Political parties clashed Tuesday over a constitutional revision plan, while the government presented elements of its amendment proposal to the public. The government is expected to present the bill to the National Assembly on Monday.
While the move to revise the basic law was initiated by the National Assembly early last year, lawmakers across the aisle are struggling to narrow their differences to draw up an amendment bill. The Moon Jae-in administration presented its own bill Tuesday to push its plan to put the amendment to a national referendum in tandem with local elections slated for June 13.
Hong Joon-pyo, the chairman of main opposition Liberty Korea Party (Yonhap)
However, the main opposition Liberty Korea Party has opposed the plan.
“Anyone who attends the plenary session to take part in the voting procedure for the government proposal will be stripped of their party membership,” Hong Joon-pyo, chairman of the conservative party, said in a party meeting, hinting that the party would boycott the parliamentary session.
“It has become obvious that the government’s push for constitutional revision is for (winning) the local elections.”
The conservative party currently has 116 parliamentary seats, enough to block the passage of the government-led constitutional revision.
For the basic law amendment bill to be put to any kind of referendum, it needs the approval of at least two-thirds of the members at the National Assembly. As there are currently 293 lawmakers, the government bill needs votes from at least 196 lawmakers.
The National Assembly established a special committee for constitutional reform in January last year amid rising calls for changes to the basic law, which was last amended in 1987. But political parties have failed to reach agreement on the details, including the presidential and election systems, and also, when to put the amendment bill to a referendum.
The main opposition raised concerns that it would be too hasty and criticized the government’s “unilateral” push. Stressing that it understands the need to change the basic law this year, it proposed to come up with an agreed bill by June and put it to a referendum afterward.
The center-right minor opposition Bareun Mirae Party also criticized the government’s plan to table the bill next week for a June referendum, seeing it is an attempt to raise the voting rate. As the ruling Democratic Party of Korea currently enjoys high support ratings in polls, a high turnout at the local elections is likely to create favorable conditions for the liberal party.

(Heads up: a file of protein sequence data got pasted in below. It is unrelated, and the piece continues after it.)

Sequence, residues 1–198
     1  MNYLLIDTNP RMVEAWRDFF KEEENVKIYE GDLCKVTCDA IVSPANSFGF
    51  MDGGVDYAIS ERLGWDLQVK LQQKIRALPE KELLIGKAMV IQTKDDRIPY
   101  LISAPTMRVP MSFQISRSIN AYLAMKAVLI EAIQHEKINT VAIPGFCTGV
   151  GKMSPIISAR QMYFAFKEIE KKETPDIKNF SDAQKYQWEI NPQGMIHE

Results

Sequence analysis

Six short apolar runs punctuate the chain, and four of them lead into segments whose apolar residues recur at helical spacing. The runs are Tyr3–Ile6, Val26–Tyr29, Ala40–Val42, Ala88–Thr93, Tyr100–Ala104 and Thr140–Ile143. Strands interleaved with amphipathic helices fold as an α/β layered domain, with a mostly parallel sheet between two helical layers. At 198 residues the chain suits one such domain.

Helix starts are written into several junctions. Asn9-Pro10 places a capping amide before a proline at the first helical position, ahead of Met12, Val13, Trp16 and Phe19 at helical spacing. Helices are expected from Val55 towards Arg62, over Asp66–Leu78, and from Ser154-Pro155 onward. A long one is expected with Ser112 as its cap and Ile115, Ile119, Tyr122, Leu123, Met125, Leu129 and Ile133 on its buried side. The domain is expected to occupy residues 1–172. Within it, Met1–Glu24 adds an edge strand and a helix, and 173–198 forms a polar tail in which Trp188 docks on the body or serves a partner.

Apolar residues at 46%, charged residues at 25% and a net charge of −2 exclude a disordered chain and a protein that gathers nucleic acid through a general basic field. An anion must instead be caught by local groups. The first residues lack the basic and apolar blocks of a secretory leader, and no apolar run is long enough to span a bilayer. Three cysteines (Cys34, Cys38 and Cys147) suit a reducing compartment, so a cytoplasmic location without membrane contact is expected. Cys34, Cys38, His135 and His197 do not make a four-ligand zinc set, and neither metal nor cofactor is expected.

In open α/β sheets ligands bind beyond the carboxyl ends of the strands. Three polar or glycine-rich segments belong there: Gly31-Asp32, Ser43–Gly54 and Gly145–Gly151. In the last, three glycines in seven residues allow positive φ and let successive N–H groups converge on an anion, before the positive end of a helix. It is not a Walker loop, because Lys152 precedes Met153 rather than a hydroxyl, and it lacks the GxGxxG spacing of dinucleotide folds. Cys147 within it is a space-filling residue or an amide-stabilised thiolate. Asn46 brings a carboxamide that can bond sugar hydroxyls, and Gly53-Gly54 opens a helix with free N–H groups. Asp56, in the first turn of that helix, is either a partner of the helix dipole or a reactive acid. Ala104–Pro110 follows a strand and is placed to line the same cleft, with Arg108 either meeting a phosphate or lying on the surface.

Meanwhile, the ruling party criticized the conservatives, calling them irresponsible.
“The Liberty Korea Party, the party that carries heavy responsibility to push for constitutional revision at the National Assembly, represents itself as the most irresponsible,” Rep. Woo Won-shik, the ruling party’s chairman, said in a party meeting Tuesday.
“They should take part in the negotiation so as to make sure that the ‘train for constitutional revision’ reaches its destination, rather than be obsessed with how to make it derail,” he added, denouncing the strong remarks made by the opposition.
President Moon Jae-in had pledged to hold a referendum on the constitutional revision on June 13, when local elections take place, citing benefits such as that the country would save some 120 billion won ($111 million) in costs for a separate referendum.
Rep. Lee In-young, the chief member for the ruling party at the parliamentary committee for law reform, said the latest date would be around April 20 for the lawmakers to come up with a parliamentary proposal, considering the time needed to review and pass the bill would take about 45 to 50 days before putting it to a referendum on June 13.
With the parties struggling to agree on the details, a major sticking point is the presidential system. The ruling party seeks to change the current five-year presidency into a four-year term that allows for one re-election. The main opposition advocates a system in which a prime minister is picked by the parliament, to share the power that centers on the president.
By Jo He-rim (firstname.lastname@example.org)